The two halves of the play are intensified by parallels: both begin with Camillo (Sammy Kacius) on stage and proceed to scenes of confrontation and jealousy in which, ironically, the innocent cause of jealousy in the first half, Polixenes (Ryan Mantey), becomes the jealous tyrant of the second half. The parallelism reminds us of the cyclical nature of time and the hope it brings for renewal as we move from tragedy to romantic comedy.
The view of human depravity is pessimistic as if infected by the melancholy spirit of great tragedies. And because humanity is so bent on destroying itself, restoration is both more urgently needed and more miraculous than in the festive world of earlier comedies. Renewal is mythically associated with the seasonal cycle from winter to summer.
The cosmic order is never really challenged, however, even when human suffering is very tangible and injustice to women especially apparent. Leontes’s fantasies of the universal disorder are chimerical. His wife is indeed chaste, Polixenes true and the King’s courtiers loyal. Despite philosophical questions Camillo must endure in his conflict to either obey the king or murder a friend, NSR once more makes a brilliant staging decision, having Polinexes playfully scare Camillo with a teddy bear as their conversation exudes dramatic irony. Eventually, Camillo refuses to carry out Leontes’s order to assassinate Polixenes, not only because he knows the murder is wrong, but also because history offers not even one example of a man who attacked anointed kings with success.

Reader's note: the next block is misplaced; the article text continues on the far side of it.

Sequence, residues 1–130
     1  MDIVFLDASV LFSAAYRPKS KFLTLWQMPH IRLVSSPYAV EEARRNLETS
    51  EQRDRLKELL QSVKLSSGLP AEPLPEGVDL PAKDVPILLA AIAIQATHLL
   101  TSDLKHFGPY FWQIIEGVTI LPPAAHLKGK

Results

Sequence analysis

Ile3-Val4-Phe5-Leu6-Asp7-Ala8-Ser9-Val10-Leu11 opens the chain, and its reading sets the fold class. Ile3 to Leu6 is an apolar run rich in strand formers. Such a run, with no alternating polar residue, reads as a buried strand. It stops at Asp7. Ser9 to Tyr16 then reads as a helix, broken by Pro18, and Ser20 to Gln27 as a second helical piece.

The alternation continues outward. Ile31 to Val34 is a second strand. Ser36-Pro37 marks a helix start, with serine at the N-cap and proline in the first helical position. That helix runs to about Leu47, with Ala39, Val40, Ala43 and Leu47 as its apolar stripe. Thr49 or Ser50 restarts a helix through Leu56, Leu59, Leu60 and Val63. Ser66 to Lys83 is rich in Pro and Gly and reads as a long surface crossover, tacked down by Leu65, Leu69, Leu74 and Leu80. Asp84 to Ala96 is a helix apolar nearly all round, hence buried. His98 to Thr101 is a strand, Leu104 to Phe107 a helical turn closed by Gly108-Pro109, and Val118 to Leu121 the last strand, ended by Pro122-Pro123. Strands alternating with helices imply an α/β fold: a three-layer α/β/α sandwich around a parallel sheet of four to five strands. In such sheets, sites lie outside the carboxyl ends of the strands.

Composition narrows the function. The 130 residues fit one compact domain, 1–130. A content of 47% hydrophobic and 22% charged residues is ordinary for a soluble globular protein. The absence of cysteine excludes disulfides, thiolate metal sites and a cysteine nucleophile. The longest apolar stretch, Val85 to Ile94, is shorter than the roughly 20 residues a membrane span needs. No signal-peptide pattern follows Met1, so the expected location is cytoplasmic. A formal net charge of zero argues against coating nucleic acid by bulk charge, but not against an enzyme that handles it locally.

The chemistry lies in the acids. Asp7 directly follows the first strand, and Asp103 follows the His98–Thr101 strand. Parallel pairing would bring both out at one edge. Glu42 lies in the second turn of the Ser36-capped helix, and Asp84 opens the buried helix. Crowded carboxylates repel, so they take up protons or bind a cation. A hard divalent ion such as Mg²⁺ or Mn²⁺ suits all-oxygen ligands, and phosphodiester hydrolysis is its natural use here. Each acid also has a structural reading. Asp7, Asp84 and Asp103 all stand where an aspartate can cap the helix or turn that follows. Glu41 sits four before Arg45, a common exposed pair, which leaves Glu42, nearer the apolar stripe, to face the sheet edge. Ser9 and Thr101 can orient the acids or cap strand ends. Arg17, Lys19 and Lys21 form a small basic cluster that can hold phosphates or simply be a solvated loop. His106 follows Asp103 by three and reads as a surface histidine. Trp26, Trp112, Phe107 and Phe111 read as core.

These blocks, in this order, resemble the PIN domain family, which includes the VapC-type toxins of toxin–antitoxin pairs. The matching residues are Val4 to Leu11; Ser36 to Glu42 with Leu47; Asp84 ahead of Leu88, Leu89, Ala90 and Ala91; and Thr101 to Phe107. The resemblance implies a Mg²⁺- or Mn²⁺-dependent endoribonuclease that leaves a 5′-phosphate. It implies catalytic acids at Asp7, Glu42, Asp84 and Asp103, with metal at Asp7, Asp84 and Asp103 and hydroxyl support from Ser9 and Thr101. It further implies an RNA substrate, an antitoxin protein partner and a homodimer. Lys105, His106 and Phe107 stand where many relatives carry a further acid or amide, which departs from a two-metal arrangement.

The cosmos of this play is such that crimes are invariably and quickly punished. The Delphic oracle defends Hermione and gives Leontes a stern warning. When Leontes persists in his madness, the death of his son Mamillius follows as an immediate consequence. As Leontes simultaneously realizes his wife is dead, he paradoxically congratulates the long remorse he must submit to, as this confirms a pattern in the universe of just causes and effects. Although, as a tragic protagonist, he discovered the truth about Hermione too late and therefore had to pay for his mistake, Leontes has at least regained faith in Hermione’s transcendent goodness. His nightmare over, he accepts and embraces his wife’s suffering and death as necessary compensation.
The transition to the novel is therefore anticipated to some extent by the first half of the play, even if the tone of the last two acts is noticeably different. The old Shepherd signals a very important change when he tells his son about a cataclysmic storm, and the ravenous bear is pitted against a child’s miraculous discovery. When Antigonus is ordered to consign Hermione’s newborn baby girl to the wilderness, NSR adds a perfect image of his helpless estate by having Leontes threaten him with a sword.